Man Finds $43,000 In Couch He Bought For $35 At Thrift Store, Returns It To Rightful Owner

Howard Kirby’s daughter opened up the cushion and found the cash after her father complained the couch was uncomfortable to sit on.

A man from Michigan was shocked to find $43,000 in cash inside a couch that he had purchased for just $35. Howard Kirby had bought the couch at the Habitat for Humanity ReStore in Owosso and within a month of using it, discovered the wad of cash tucked into one of the cushions. He was adamant that the cash did not belong to him and decided to return the money to its rightful owner, according to a report by ABC News.

Kirby had found the couch uncomfortable so his daughter decided to investigate the source of discomfort. She opened it up to find $43,170 hidden inside the ottoman. “That’s when she started pulling out this,” said Kirby, referring to the cash, according to WNEM. “I still have to pinch myself to make sure I’m not dreaming or something. It still boggles my mind,” he said. An attorney had confirmed to Kirby that he had no legal obligation to return the money and was within his rights to keep the cash for himself. However, Kirby didn’t feel it was the right thing to do and contacted the Michigan Habitat for Humanity store manager.

Kirby, who enjoys shopping for items at the Habitat for Humanity ReStore, asked the store manager if he could track down the owner of the couch. Store manager Rick Merling contacted the family he had acquired the couch from and told them that Kirby had found something that “they’re gonna want back.” The couch was originally owned by the family’s grandfather, Phillip Fauth, who had died a year earlier. Shortly after the grandfather died, the family had contacted the thrift store in Owosso and asked them to come and collect the couch.

Kim Fauth-Newberry, the person Merling contacted, was not sure what to expect but assumed it would old pictures of their grandfather. “I think they were hoping there might be some pictures. They would have never dreamed that it was money,” said Rick Merling, the store manager of the store. A total of $43,170 was handed over to Kim Fauth-Newberry. “It was very, very shocking to them,” added Merling. “It’s just crazy,” said Fauth-Newberry. “It’s completely awesome.”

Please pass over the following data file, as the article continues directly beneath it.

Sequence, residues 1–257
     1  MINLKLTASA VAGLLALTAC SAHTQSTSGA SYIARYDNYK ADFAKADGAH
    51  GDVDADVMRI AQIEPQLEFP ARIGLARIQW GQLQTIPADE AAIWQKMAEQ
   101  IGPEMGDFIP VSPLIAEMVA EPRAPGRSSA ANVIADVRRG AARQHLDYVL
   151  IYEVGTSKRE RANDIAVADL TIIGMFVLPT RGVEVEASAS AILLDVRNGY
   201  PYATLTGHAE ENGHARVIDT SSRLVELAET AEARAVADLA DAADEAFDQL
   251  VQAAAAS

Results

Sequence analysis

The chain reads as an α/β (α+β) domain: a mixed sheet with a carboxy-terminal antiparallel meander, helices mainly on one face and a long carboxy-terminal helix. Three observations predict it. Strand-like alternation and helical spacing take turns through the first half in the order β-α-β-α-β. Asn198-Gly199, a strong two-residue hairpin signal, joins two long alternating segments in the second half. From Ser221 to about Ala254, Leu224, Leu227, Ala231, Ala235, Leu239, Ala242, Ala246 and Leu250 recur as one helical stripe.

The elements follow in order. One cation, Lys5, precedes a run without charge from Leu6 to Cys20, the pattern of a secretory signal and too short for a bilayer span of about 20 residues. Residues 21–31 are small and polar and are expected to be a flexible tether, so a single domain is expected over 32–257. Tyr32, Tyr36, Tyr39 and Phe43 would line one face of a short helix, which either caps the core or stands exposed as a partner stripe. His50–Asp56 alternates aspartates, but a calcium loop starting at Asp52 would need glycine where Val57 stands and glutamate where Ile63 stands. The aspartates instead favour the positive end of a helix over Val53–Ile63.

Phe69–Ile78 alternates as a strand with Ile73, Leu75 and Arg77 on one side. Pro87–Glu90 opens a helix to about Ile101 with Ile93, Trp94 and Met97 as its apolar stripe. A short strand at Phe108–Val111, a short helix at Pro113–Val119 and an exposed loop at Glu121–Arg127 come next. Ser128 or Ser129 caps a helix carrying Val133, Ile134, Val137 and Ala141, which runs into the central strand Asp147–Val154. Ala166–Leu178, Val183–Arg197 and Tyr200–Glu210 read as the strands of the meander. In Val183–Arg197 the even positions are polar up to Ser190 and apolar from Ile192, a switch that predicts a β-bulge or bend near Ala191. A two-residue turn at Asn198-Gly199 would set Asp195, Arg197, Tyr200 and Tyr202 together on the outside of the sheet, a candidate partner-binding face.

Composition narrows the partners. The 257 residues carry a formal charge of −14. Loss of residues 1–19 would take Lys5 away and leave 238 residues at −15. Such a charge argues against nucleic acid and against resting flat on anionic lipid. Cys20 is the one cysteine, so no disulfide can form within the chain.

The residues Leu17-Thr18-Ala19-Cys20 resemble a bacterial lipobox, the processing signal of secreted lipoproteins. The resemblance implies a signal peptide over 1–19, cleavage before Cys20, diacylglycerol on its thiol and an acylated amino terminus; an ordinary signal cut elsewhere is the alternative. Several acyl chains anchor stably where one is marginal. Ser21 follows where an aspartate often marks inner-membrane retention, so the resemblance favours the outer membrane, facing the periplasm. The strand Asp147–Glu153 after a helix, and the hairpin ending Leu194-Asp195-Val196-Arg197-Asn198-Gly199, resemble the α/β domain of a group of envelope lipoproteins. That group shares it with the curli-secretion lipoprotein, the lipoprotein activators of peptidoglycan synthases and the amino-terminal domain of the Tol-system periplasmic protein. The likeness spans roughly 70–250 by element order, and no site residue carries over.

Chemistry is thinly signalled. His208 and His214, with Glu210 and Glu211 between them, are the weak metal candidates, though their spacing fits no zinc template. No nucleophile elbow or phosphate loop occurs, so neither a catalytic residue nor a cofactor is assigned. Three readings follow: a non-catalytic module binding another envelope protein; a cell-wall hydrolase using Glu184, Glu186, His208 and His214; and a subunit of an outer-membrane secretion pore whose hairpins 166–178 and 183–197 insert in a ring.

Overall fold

Kirby met with the Fauths at the thrift store and returned the cash. The wad of notes appeared to be marked with paper notes, which the family’s grandfather probably made. The family gave Kirby a hug for returning the money and shared a few warm words with him before posing for a few pictures for the onlookers and media at the store. Kirby could’ve used the money for a new roof that he badly needed but it just didn’t feel right. The store manager appreciated Howard Kirby for doing the right thing. “He could use it. … He has needs, but he said he just felt this prompting from God that said, ‘This isn’t yours,'” said store manager Rick Merling.

Merling says it’s not uncommon for people to call after finding things that they bought from his thrift store but he says it’s the first time someone has actually returned anything of value. When asked about Howard Kirby’s response after returning the money, Merling said, “He’s happy that he’s got a couch. Someone said, ‘Are you gonna give the cushion back?’ And he said, ‘No, that’s a $43,000 cushion.'”

Facebook users were full of praise for Howard Kirby’s generous act. Wow….kudos to that guy…good things will come his way… a clear conscience is priceless. I bet he thought hard on that for a few days before he made his decision, wrote one user. Another wrote: Wow, what an exceptional human being. I’m sorry to know that most people would have kept the money as I can admit it would be tempting but I believe in karma and I’ve always believed that ill-gotten gains will only bring you misery.

Acknowledging Howard Kirby’s generosity, a GoFundMe page was created to “reward Howard’s honesty and generous soul.” The description read: Let’s raise a reward for Howard and surprise him. Howard is truly a man with a kind, giving and selfless heart. The page has already raised $885 and if the donation trend continues, Howard Kirby might just have enough to fix that roof.

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